* LED Light Bulbs *


At RV rallies we have attended over the past few years there have been increasing numbers of vendors selling LED light bulbs to replace the 12v incandescent bulbs inside and A1141outside your RV. Nearly all lights in RVs are 12v so they can be powered by the "house" batteries when parked. The built-in battery charger is powered by the 125v shore power connection, and keeps the house batteries charged. But even small 12v bulbs pull battery current, and some of them seem to burn out frequently. SOme reading lamps in our motor home are 1383 flood bulbs, and some are JC10 Halogen bulbs. And the "porch" light was pretty useless with the standard 1003 bulb, and even an 1156 bulb wasn't much brighter and tended to melt the lens if left on very long!! We wanted to stop the frequent replacing of the more often burned out bulbs by replacing them with LED bulbs, but had trouble finding LEDs that are actually bright enough to use for reading lamps. We even bought some 1383 R12 LED bulbs online that promised greatness, but we returned them when they were simply not bright enough, or a wide enough beam, to be used for reading. The great advantage of LED lights are that they do not G4generate much heat, AND they typically use as little as 1/10 the electricity of the bulbs they replace. This is a tremendous saving of battery power when "dry camping" without an electrical connection.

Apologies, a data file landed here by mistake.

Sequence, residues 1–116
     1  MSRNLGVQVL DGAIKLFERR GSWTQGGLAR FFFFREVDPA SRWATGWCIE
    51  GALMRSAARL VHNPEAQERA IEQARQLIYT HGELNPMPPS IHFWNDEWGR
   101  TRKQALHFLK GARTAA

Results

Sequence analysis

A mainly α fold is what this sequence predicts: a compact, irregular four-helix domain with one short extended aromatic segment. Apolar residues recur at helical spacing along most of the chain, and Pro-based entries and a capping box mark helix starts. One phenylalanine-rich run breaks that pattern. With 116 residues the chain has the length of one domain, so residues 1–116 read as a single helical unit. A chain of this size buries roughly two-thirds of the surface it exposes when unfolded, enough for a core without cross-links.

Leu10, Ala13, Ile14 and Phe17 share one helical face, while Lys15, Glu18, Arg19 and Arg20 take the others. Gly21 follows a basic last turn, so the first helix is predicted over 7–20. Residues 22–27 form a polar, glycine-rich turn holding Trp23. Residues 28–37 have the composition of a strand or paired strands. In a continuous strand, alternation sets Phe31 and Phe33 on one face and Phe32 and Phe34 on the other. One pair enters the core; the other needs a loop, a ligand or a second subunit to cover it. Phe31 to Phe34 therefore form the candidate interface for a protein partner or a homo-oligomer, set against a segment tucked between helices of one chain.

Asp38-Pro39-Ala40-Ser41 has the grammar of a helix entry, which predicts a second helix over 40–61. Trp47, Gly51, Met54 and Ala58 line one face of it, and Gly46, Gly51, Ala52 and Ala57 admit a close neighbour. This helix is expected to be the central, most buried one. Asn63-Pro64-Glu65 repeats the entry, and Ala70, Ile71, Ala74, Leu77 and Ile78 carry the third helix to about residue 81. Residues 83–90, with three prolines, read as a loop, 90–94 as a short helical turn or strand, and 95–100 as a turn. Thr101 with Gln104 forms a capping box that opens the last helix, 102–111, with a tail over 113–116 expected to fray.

But most LED bulbs we have seen just don't meet our standards for use as anything other than accent lighting. Finally, at an 2010 RV rally in Pennsylvania, we found some LEDs that were brighter than those we have looked at before, AND the vendor was willing to sign out a test bulb for us to use overnight with the understanding we would return the next day and either return the bulb, or pay for it ...a Revolution 300great chance to truely test how well the bulbs would work for us! We signed out a two possible replacements for the 1383 reading lamps, and one for the G4-bse JC10 Halogen. The next day we returned the T33 and kept the A1141 3w (first picture above right), and bought a second one. We have 8 of these bulbs in our motor home, but at $24.95 each we didn't want to replace them all at once!! We also kept the G4 replacement (second picture, left) for the JC10, and bought a second one. This one we weren't sure of for reading, but will use in the two fixtures under the china cabinet that serve as accent lights/night lights. We have 9 of these fixtures in the motor home, and the two bulbs we bought were $19 each. And we bought a Revolution 300 lumen bulb (right) at $29.95 for the melting porch light, and a Revolution 200 lumen bulb at $24.95 for the outside light above the water service bay on the other side of the coach. Both Revolution bulbs are a HUGE improvement in outside lighting. BUT ... the first Revolution 300 bulb we bought lasted apx 3 weeks in our motorhome porch light. The vendor replaced it with a caution not to twist it too far (which we had not done). The second Revolution 300 lasted apx 3 mo before failing after being left on overnight several nights in a row. On close examination after removel, it was clear this bulb had severely overheated, scorching and distorting the plastic casing. The vendor replaced it with a Revolution 200, indicating that others have had problems with the 300 model lasting. These bulbs (and other options) could also be used as replacements for our tail, brake, and turn signal lights if so desired. There are even LED "tubes" designed for direct replacement in 12" and 18" fluorescent fixtures, but since fluorescent lights burn less electricity than incandescent to begin with (and the LED tubes are pretty pricey!!), we decided we didn't really need to replace them.